robably one of the greatest fallacies of contemporary American journalism and cinema is the belief that making a point means ramming it home. One of the many gifts of first-time director J.C. Chandor’s fine thriller that it avoids doing just that. Filmed over 17 days in one location on a minimal budget, the film records how an investment bank unravels in a 24-hour period that begins with the callous firing of its risk management expert and the discovery and “removal” of a financial derivative “time bomb.” Taken together, the events set off the 2008 financial crisis.
The plot gives Chandor and his stunning cast plenty of opportunities to grandstand. Instead, they resist preachiness about the personal cost of working on Wall Street, the failure to understand derivatives, greedy modern youth, the ascendance of so-called “quants” (physicists and rocket scientists converted into bankers), economic inequality, sexism, moral compromise, and the bonus culture.
Those housebroken by Hollywood into expecting home run speeches are stunned when Kevin Spacey, Stanley Tucci and Demi Moore instead respond to the unfolding events with facial twitches, shrugs, or just by turning away. Rarely do quiet gestures ram a point home so effectively. Classic suspense-building tricks — there’s USB key, the proverbial smoking gun, and a sick dog — make an appearance, but neither cloys.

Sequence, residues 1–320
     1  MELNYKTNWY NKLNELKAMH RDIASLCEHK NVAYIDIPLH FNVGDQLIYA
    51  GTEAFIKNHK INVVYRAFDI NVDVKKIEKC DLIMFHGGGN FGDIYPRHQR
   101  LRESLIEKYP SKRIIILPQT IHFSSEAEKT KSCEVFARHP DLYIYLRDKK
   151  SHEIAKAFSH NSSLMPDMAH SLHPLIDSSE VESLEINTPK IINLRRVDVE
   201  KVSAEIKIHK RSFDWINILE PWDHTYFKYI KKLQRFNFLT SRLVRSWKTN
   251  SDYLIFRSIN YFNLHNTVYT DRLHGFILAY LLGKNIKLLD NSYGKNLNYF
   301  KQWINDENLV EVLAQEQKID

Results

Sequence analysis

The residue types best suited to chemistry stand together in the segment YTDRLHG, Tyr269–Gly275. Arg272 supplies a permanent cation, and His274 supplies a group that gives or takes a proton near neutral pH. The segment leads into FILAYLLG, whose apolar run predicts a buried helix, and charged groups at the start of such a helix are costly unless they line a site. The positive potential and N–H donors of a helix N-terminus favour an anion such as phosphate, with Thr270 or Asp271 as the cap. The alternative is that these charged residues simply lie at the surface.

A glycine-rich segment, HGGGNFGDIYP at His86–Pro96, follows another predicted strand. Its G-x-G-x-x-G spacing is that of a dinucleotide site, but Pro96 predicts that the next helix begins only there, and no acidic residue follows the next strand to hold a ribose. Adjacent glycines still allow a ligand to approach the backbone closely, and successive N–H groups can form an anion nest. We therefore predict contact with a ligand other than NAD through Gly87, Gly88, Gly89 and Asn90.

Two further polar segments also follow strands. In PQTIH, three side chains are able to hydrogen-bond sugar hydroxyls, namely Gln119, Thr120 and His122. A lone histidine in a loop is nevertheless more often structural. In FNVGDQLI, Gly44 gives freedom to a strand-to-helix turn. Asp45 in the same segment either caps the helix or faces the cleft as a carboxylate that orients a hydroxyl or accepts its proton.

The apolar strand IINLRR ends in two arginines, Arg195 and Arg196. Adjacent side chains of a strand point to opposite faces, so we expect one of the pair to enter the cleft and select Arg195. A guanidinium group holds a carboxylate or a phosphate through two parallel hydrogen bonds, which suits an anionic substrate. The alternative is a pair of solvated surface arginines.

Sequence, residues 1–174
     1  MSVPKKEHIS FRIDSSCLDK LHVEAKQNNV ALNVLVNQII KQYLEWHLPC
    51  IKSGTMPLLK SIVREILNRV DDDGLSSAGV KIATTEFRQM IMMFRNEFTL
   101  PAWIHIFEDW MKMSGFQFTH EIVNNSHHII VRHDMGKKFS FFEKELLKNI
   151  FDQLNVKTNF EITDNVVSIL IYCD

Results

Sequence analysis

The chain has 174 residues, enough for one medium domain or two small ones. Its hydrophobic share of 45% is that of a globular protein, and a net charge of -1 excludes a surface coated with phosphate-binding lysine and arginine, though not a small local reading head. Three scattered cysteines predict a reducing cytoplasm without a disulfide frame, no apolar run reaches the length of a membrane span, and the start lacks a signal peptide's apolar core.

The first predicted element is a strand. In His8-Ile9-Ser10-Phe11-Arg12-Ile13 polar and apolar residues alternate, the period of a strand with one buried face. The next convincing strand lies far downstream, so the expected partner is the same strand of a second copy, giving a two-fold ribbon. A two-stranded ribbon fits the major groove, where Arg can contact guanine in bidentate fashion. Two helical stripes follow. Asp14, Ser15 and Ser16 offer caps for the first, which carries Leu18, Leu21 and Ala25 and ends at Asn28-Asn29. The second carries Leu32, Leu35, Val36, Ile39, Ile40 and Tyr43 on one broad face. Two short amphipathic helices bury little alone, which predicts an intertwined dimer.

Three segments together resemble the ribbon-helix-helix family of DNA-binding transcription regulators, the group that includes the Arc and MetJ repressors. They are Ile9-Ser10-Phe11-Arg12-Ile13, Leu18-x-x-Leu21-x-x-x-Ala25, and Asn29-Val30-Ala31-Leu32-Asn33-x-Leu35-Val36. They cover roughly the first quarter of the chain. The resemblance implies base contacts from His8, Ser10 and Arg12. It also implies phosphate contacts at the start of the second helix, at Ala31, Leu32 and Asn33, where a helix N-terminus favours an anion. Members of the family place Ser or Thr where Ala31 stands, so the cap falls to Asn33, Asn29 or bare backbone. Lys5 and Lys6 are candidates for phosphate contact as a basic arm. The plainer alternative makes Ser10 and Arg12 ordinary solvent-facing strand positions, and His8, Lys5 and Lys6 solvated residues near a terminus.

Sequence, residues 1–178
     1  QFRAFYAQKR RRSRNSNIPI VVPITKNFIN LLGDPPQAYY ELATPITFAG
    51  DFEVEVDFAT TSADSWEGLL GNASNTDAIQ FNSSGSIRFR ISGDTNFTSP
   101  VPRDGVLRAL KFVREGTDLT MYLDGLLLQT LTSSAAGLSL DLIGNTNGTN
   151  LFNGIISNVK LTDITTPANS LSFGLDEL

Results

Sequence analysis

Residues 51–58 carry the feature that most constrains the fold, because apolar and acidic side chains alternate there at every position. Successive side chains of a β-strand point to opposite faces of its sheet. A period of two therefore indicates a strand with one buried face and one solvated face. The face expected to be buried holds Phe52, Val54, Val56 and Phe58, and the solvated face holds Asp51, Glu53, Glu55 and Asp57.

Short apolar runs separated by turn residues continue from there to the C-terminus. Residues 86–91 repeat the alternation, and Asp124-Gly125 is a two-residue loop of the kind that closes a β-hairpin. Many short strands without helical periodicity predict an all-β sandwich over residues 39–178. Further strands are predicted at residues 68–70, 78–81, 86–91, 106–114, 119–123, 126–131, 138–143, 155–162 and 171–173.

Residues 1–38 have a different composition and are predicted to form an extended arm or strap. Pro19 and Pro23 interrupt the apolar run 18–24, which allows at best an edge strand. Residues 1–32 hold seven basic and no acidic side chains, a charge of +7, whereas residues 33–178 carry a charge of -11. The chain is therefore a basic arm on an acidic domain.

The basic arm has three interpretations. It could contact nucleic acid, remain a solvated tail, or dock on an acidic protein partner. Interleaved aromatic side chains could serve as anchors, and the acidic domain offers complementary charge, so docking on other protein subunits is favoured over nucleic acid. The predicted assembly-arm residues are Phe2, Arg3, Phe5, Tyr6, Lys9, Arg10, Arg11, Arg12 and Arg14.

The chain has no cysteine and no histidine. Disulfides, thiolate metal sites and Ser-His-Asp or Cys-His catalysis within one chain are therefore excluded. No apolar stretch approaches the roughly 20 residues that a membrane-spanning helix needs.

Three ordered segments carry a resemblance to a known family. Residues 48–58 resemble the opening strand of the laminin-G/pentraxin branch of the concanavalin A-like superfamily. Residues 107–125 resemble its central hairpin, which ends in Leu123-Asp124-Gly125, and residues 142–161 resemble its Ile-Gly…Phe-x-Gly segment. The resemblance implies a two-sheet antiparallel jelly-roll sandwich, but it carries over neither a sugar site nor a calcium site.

In addition to the magnificent Spacey, Tucci and Moore are Paul Bettany (the sole and brilliant speechmaker), Penn Badgley (a sort of Shakespearean jester disguised as a trader), and Zachery Quinto. What to say about a film whose least convincing character is played by Jeremy Irons?